I put my nose to the dirt, and, under the pawprints, the shoeprints, I catch the violin-string smell of sleeping crickets, the licorice scent of the deepest tree roots and, down deeper, the warm-bear musk of the hulking planet itself. I catch, at times, the whiff of roundness of the earth, which has the round smell of all round things, of wheels, of nests, of my ball…

A new day, one that is special, not just because of the eclipse that I can smell coming like ocean wind through a sail, but because I am going somewhere with you. In the car, my ears can smell the air rushing with the celery smell of speed; then comes the pioneer smell of us on a hike somewhere new, a tent on your back. No, not new: under the footsteps of thousands, I discover your tracks and mine from when we were here years ago; those smell like then. In the stones, I sniff books, blood, sweet corn, the peppery steps of scuttling lizards, the metal-polish smell of snakebellies. Some stones smell like the eggs of prehistoric lizards, and some are made from sooty coughs of long-lost volcanoes.  I don’t have to look down to avoid the cacti: I can smell the iron of their thorns.

Tent pitched on a cool, wormy patch of earth, you throw my ball so I can bound in the sagebrush: my ball, my ball! I fetch it again and again, my ball whose far-off bounces fill me with the horsey smell of purpose! But all around me, the smell of the rabbits in the bushes and under fallen logs is ballooning into one great buffalo-hide smell of rabbits! They’re everywhere, but I can’t see them; I’m going mad with the smell of hidden rabbits. I have to run: Rabbits!

The rabbits lead me astray with their rabbit trickery, my ball joins the ranks of things lost forever, and you are calling me from afar with words I can’t understand, so addled am I by smells, so overmastered am I by smells, smells that make me forget about the rabbits, smells I’ve never smelled, the ecstasies, the rhapsodies, of new smells, smells without words yet, smells that will never have words…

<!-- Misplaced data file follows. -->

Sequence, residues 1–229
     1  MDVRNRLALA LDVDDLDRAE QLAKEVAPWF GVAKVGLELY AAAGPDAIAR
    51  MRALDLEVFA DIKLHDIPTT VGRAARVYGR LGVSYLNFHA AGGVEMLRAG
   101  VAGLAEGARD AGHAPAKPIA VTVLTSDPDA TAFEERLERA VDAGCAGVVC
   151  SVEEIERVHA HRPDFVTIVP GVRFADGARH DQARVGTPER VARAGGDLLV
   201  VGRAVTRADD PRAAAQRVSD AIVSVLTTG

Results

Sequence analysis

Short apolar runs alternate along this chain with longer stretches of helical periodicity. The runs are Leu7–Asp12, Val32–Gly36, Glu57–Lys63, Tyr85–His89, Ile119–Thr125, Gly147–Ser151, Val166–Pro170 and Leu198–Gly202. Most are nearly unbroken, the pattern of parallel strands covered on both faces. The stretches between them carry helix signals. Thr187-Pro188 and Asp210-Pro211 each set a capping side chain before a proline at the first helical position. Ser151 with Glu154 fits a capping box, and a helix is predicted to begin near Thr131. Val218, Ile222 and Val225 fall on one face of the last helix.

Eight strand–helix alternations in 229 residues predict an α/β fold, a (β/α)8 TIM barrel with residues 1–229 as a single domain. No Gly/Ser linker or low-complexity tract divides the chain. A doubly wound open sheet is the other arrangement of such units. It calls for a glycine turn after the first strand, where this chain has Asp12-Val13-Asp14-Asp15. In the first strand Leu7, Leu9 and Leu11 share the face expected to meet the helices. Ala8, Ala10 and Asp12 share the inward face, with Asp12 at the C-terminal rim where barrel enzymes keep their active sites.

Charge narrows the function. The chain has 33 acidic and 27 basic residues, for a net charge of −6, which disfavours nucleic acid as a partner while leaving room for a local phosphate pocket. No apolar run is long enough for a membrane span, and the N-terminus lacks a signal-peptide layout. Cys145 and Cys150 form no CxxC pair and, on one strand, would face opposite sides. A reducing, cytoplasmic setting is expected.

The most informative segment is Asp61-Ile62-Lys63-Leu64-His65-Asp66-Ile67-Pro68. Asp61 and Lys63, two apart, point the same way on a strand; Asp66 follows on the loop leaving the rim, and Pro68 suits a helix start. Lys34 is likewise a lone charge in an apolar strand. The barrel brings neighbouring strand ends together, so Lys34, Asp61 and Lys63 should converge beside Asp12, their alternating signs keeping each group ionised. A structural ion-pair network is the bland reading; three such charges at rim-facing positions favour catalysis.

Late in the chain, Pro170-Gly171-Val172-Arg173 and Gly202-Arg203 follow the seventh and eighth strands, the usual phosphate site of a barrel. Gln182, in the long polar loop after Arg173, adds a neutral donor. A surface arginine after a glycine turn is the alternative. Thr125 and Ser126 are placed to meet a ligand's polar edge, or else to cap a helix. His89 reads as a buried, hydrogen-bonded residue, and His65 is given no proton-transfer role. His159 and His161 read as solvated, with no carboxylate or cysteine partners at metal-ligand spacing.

The marine smell of the twilight falling is a relief; down mists the seashell smell of the stars in the blackening lagoon of the sky.  The Milky Way: a spume of seafoam. I’m alone in the night pretending to be a coyote, pretending I don’t smell of your love, watching the eclipse prow in with its new-ship scent. During the moon’s darkening, the constellations—which look like bones, like leashes, like balls–grow brighter and it is easier to smell the briny light of the stars behind the stars and the fishing net smell of the beginning of this old universe and, the huge, barnacled, bensnailed boats of the old, old universes before this one, universes that mean nothing to me because I wasn’t in them, and you weren’t.

The moon is coming back; I am coming back. My ball, a miracle: I take it in my mouth! I am running back to the tent that has you in front of it, by a fire; I can smell the fire. I can smell the future. I can smell my return to you, and the sweetness of that return, which is half of why I run away; I can smell my leash, which smells like my love for you, and like your love for me. I can smell the rest of my life. I can smell its end, and yours.

You don’t think I know what death is, but I do. I can smell the coffin satin already on old hands. I can smell our mortality in us, like our time is a fire and our deaths are coyotes in the dank batwings of the shadows beyond, and I know the time after our deaths is a scentless forest that goes on and on. But even when we’re gone, even when we’re long gone, some brave souls will put their brilliant noses to the earth and know by our intertwined scents that we were here on it, at the same time, traveling together, and that I loved you, and you loved me. In footprints that smell of then, they will read of the bygone days when I told you true stories of invisible riches, when I would have, for you, caught all the perfumes of Earth’s farthest reaches and brought them to you in a ball. How my heart would have smelled as I laid my world at your feet: like the leather breastplate of the proudest knight.

Where have you been? Where did you go?

 

—About Amber Burke—

I graduated from Yale and the Writing Seminars MFA Program at Johns Hopkins University Now I teach writing and yoga at UNM-Taos.  Some of my recent work has been published in magazines including The Sun, Michigan Quarterly Review, Flyway, X-R-A-Y, Quarterly West, The Gravity of the Thing, and Superstition Review. I’m also a regular contributor to Yoga International, which has published over 100 of my articles and the yoga ebook I co-authored, Yoga for Common Conditions. You can read some of my work at Amber Burke Writing.